The little green book for Carlyle is a good one to have too.


    Quote Originally Posted by drife678 View Post
    1 ton... HAVE NEVER SEEN a one ton
    AS/Trane used to make 1 ton splits, both straight AC and heat pump, up until a few years ago. Quite a few manufacturers used to.
    If more government is the answer, then it's a really stupid question.

  12. #25
    Join Date
    Nov 2009
    Location
    Kansas City
    Posts
    124
    Ya most of the 2 ton units I have ran into are usually 35/5.carrier two ton units seem to be 30/5. I did run into a 38ycc.-018 1 1/2ton hp the other day and it was 30/5. Like most of you have said. You can usually always read the nameplate on fan motor to get its size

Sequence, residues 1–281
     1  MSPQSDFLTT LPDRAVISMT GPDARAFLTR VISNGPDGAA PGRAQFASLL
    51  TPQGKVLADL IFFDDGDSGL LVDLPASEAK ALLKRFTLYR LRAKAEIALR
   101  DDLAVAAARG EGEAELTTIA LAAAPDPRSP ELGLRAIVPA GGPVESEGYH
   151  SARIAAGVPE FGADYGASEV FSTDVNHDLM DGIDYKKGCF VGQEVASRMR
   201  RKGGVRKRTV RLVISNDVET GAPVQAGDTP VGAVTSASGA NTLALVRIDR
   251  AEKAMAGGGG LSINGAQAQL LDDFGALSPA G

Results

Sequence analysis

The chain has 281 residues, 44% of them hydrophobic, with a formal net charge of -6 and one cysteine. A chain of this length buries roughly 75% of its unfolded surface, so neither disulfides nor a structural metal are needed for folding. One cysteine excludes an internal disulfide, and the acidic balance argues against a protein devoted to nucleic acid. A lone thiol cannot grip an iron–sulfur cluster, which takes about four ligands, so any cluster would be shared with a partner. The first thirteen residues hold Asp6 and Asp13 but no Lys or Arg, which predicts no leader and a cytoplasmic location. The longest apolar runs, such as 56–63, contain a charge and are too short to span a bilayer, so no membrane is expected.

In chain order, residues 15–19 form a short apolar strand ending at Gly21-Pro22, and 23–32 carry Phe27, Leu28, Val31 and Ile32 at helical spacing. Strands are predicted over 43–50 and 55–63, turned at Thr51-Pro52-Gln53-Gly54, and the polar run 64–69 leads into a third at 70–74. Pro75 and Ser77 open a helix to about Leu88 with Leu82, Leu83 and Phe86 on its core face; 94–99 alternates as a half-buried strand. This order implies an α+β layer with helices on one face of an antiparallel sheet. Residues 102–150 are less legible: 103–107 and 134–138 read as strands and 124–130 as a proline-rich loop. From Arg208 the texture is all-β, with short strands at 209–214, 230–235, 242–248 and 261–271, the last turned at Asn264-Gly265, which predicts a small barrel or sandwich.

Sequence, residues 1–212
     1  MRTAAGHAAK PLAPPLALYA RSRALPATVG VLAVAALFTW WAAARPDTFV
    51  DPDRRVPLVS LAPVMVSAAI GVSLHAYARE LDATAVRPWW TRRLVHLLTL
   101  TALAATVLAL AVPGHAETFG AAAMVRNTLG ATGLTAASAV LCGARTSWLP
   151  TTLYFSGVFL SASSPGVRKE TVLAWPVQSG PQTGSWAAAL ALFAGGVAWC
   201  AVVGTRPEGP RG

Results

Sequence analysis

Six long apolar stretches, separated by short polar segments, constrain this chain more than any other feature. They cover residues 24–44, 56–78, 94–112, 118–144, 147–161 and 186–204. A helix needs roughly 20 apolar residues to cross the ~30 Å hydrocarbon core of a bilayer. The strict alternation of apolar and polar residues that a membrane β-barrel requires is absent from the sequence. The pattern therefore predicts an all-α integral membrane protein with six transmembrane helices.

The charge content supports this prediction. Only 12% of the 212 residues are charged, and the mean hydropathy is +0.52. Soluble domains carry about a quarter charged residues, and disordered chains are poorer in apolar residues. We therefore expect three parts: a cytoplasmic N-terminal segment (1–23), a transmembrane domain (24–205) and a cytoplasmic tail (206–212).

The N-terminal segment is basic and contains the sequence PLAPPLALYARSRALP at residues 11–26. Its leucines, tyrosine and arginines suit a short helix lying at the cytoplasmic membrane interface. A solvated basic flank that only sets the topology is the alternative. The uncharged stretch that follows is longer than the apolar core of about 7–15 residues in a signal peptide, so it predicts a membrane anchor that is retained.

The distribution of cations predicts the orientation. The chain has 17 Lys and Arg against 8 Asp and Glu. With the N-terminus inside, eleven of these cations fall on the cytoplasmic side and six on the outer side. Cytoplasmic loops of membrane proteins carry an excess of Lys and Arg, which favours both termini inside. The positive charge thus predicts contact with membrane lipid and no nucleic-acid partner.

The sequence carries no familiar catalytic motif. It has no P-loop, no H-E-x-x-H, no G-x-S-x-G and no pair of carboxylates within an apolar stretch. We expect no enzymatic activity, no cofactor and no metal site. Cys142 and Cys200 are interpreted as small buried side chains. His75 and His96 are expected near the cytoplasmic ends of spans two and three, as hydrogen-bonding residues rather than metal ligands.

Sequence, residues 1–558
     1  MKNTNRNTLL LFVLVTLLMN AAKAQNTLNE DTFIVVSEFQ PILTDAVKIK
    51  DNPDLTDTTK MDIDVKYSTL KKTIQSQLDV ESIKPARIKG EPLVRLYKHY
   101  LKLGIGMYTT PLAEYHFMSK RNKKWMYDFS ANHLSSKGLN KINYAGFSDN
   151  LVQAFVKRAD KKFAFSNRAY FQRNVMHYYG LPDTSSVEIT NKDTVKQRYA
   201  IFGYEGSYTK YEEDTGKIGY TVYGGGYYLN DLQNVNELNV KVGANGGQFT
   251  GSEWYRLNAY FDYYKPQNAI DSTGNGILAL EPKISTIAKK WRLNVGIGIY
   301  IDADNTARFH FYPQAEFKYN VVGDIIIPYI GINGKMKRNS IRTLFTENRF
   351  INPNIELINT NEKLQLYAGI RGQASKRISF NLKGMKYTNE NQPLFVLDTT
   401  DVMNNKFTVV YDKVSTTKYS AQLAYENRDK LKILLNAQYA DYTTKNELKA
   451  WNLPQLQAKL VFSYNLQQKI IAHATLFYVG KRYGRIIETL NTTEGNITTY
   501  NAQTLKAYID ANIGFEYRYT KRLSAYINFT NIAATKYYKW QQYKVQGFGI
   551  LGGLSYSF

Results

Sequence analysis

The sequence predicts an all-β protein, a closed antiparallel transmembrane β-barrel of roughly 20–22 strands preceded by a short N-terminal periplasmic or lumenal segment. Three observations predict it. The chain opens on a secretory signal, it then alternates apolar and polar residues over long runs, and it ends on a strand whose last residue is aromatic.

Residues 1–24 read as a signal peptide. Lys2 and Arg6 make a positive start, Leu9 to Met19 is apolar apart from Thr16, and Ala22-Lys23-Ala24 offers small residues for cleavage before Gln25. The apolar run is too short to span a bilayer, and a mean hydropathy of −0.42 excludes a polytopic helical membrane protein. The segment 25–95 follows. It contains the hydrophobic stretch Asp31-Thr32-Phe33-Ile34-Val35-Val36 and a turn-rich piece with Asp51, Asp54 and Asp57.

13. #26
    Join Date
    Jan 2009
    Location
    Etters PA.
    Posts
    517
    Quote Originally Posted by hvacrmedic View Post
    Yep. Guessing isn't a very good method of sizing capacitors. If you have no other option, then try a few different sizes. Find the size that results in the lowest compressor amp draw (on the common lead). If the voltage across the cap that you've finally selected with this method exceeds the voltage rating of the cap, then go smaller until the voltage drops below the voltage rating of the capacitor. Even if it was accidentally the size called for by the manufacturer, it won't be of much use to the compressor when it opens up due to over-volting.

    I had to use this method a couple of weeks ago. No data on the unit anywhere, and none on the capacitor. I couldn't even determine what brand the unit was. I assume that it's still working fine, since the owner (a long time customer of ours) hasn't called.
    A little time saver tip for this method is to stock a multi dual cap on your truck and run threw the procedure stated above .

    Sent from my PC36100 using Tapatalk 2